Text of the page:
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Chapter 12

Goodwill and Other Intangible Assets

Prepared by: Patricia Zima, CA Mohawk College of Applied Arts and Technology

Goodwill and Other Intangible Assets


Definition, Recognition and Measurement Characteristics Recognition and measurement at acquisition Measurement after acquisition Types of Impairment Intangibles of Intangible Marketing- Assets related Limited-life Customer- intangibles related Indefinitelife Artisticintangibles related other than Contractgoodwill based Technology- Goodwill based Goodwill Other Internally Developed Intangibles Research and development costs Development stage costs Organization costs Advertising costs Conceptual questions Presentation, Analysis, and International Comparison Presentation of intangible assets Perspectives Comparison of Canadian and International GAAP Appendix 12A Valuing Goodwill Excessearnings approach Totalearnings approach Other methods of valuation

Intangibles: Characteristics
CICA Handbook, Section 3062, broadly defines intangible assets as: 1. Assets that are lacking in physical substance, and 2. Assets that are not financial instruments Examples of intangible assets: patents, copyrights, franchises, and trademarks

Recognition and Measurement at Acquisition


Purchased Intangibles Measured at cost Cost includes all expenditures that are necessary to get the intangible asset ready for its intended use (e.g. purchase price, legal fees) If intangible assets are exchanged for non-monetary assets, the fair value of the item given up or the fair value of the intangible received is used to determine cost For a basket purchase of intangibles, the cost is allocated based on fair values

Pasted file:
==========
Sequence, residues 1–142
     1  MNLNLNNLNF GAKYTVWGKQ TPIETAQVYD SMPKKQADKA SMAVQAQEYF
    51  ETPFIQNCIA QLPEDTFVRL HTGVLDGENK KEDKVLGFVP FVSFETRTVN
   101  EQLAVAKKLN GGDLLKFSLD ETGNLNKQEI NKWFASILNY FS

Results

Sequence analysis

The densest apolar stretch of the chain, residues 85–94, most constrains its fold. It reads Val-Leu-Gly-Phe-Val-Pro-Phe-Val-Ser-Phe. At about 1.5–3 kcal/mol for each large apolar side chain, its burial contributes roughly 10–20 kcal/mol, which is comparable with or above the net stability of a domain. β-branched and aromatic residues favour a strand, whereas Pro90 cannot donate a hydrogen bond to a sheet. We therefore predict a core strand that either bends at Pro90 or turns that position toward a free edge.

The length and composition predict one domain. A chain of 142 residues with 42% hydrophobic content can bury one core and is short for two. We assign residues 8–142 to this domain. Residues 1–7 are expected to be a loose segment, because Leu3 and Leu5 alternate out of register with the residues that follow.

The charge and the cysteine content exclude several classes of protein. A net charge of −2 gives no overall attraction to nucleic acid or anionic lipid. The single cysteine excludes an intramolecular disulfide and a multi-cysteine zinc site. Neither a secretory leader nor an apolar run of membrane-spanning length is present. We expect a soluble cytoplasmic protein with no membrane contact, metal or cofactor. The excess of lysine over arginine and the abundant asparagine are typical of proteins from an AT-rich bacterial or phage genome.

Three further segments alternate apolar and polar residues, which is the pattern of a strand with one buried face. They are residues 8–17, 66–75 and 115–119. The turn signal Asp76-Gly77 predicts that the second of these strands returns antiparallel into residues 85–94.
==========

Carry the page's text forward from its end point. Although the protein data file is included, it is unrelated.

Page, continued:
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Recognition and Measurement at Acquisition


Identifiable intangibles: are recognized separately must have at least one of the following characteristics: 1. Results from contractual or legal rights, 2. They can be separated from the entity and sold, rented, exchanged, transferred or licensed Identifiable intangibles with similar characteristics should be grouped and reported together 5

Recognition and Measurement at Acquisition


Internally Developed Intangibles Costs that a company incurs internally to create intangibles (such as patents and brand names) are generally expensed Deferred Charges Costs incurred that benefit future periods It has become less acceptable to recognize deferred charges unless the costs meet the definition and recognition requirements of Section 1000
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Accounting for the Acquisition Costs of Intangibles


Type 1. Identifiable Purchased Capitalize
Internally Created Generally expense Expense

2. Goodwill-type 3. Other internally developed

Capitalize

Capitalize restricted amounts for both


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Measurement after Acquisition


An intangible asset with finite (or limited) useful life is amortized over its useful life Intangibles assumed to have no residual value, unless: 1. There is a commitment to purchase, or 2. There is an observable market An intangible asset with an indefinite useful life is not amortized and an impairment test is carried out at least annually
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Valuation after Acquisition